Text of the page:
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Plastic packaging is everywhere in our daily lives. As a convenient and adaptable material, it's played a pivotal role in revolutionising how goods are packaged, transported, and preserved. However, as environmental concerns escalate, the focus has sharply turned to the responsible recycling of these materials.
The origin of plastic packaging can be traced back to the early 20th century when its lightweight and durable properties were recognised. Since then, it's witnessed exponential growth, primarily due to its malleability, longevity, and barrier properties. From preserving the freshness of food to ensuring product safety during transportation, plastic packaging has been an indispensable solution in various industries.
Plastic is a synthetic or semi-synthetic material derived primarily from petrochemicals, which come from non-renewable resources like crude oil and natural gas. Essentially, plastic is composed of large polymer chains, which are molecules made from repeated subunits called monomers, usually hydrocarbons. While its versatility and durability make plastic a widely favoured material, these very characteristics also contribute to its environmental challenges.
Plastics can take hundreds to thousands of years to decompose, leading to accumulation in landfills and natural environments. The non-biodegradable nature of most plastics means they persist in the environment, often breaking down into microplastics which can infiltrate ecosystems, affecting wildlife and potentially entering our food chain. The production and disposal of plastic contribute significantly to greenhouse gas emissions. Furthermore, as plastics are derived from non-renewable fossil fuels, their continued production is not sustainable in the long term, leading to depletion of crucial natural resources and exacerbating climate change. This makes recycling plastic packaging all the more important.
PET (Polyethylene Terephthalate): Widely used for beverage bottles, PET is celebrated for its clarity and moisture barrier properties.
HDPE (High-Density Polyethylene): Found in detergent bottles and milk jugs, HDPE is renowned for its stiffness and strength.
PVC (Polyvinyl Chloride): Used for cling films and blister packs, PVC offers flexibility and durability.
LDPE (Low-Density Polyethylene): Common in grocery bags and shrink wraps, LDPE is valued for its ease of processing and strength.
PP (Polypropylene): Regularly spotted in Margarine tubs, food trays, car parts, and dense packaging, PP boasts high melting and chemical resistance.
PS (Polystyrene): Expanded polystyrene is widely used for packaging materials and disposable food containers (e.g., yoghurt pots and vending cups). It has excellent insulation properties, making it a popular choice for coolers and insulating hot beverages or foods.
Recycling plastic packaging is vital for numerous reasons. Foremost, it reduces the strain on our already limited natural resources, as producing new plastic requires more energy and raw materials than recycling existing plastic. Moreover, the disposal of unrecycled plastic can culminate in landfills, where it can persist for hundreds of years, generating greenhouse gas emissions and contributing to climate change. By recycling, we not only conserve resources but also minimise environmental harm, protect biodiversity, and promote a sustainable circular economy.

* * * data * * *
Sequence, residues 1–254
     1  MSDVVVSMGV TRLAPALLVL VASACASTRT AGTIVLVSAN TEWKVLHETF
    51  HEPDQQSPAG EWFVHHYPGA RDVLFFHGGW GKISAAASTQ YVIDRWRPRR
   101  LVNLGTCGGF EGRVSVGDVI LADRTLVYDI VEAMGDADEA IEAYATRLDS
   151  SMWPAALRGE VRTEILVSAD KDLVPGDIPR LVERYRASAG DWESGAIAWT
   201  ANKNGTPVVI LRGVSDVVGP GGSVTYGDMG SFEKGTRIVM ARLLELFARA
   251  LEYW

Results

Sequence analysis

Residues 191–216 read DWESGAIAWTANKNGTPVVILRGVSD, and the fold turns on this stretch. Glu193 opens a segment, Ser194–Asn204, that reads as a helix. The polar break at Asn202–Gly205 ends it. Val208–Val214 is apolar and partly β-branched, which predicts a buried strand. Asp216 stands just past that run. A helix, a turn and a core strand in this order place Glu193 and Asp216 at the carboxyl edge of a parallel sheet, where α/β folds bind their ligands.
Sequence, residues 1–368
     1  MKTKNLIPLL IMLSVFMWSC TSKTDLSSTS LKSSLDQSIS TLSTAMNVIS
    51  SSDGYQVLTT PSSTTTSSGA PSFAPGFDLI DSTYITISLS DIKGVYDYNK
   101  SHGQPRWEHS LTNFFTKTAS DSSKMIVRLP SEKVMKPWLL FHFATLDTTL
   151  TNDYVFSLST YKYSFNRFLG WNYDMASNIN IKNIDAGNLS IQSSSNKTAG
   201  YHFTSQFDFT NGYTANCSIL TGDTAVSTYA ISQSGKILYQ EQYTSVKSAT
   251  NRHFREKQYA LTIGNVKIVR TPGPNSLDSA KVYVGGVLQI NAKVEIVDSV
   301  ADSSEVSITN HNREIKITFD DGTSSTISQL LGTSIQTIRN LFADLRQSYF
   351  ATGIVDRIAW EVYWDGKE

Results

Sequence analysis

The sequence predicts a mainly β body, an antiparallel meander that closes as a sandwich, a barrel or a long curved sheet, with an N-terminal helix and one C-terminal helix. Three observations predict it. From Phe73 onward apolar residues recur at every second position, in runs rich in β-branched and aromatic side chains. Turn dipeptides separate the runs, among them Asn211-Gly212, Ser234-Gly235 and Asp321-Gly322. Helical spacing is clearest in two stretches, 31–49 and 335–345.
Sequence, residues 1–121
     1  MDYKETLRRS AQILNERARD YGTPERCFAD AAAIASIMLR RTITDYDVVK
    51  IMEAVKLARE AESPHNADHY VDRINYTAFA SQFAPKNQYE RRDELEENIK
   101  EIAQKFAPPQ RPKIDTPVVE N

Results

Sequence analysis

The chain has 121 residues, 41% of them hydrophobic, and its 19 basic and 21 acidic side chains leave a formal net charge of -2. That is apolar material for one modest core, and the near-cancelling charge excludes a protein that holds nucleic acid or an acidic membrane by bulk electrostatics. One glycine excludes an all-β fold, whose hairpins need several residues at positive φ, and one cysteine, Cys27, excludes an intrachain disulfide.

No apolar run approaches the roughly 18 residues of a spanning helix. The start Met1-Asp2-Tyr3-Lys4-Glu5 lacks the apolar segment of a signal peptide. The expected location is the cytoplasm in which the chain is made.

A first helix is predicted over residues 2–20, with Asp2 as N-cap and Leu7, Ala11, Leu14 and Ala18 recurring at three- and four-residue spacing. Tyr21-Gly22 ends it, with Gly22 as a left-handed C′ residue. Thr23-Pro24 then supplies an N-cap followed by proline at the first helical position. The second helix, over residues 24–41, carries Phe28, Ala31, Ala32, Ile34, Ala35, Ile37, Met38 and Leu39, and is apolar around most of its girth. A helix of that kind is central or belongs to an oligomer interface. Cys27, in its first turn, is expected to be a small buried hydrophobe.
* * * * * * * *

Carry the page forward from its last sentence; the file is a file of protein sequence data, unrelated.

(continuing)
Recycling plastic presents a myriad of challenges. Firstly, there are multiple types of plastics, each with distinct chemical compositions. Not all recycling facilities are equipped to handle every type, making sorting a critical and often cumbersome step. Contamination is another significant challenge; plastics mixed with food residue, other materials, or different kinds of plastics can disrupt the recycling process. Additionally, many plastics, particularly single-use items, are blended with additives or consist of multiple layers of different materials, making them tough to recycle. Over time, the quality of plastic can degrade with each recycling cycle, especially where contamination is present, eventually leading to a lower-grade material with limited usability. Economic challenges also persist; in some cases, the cost of recycling can exceed the production of new plastic, particularly when oil prices are low. Finally, the lack of standardization in plastic labelling and collection systems across regions can further hamper efficient recycling efforts.
J&B Recycling can recover and recycle all of the plastics listed above, including films, shrink wrap, bags, plastic bottles, plastic packaging, drums, IBCs and bulk bags. These can come from a variety of sources including retail, warehousing, plastic parts manufacturers and Local Authority kerbside and bringbank schemes.
A significant amount of the plastic food packaging that J&B Recycling recover is reprocessed back into food-grade plastic materials. Once J&B have recovered, sorted and or baled the plastics they are then sent to re-processors for further sorting, shredding, washing, melting and pelletising, or flaking or so that they can remoulded into new products.
J&B Recycling are based in the North of England. Our commercial collection services operate from the Scottish Borders down to Hull and North Yorkshire. Our main areas for collecting and processing commercial waste include Teesside (Darlington, Hartlepool, Middlesbrough, Stockton), Durham, Gateshead, Newcastle, Sunderland, North Tyneside and Northumberland. Get in touch for more information and to request a quote.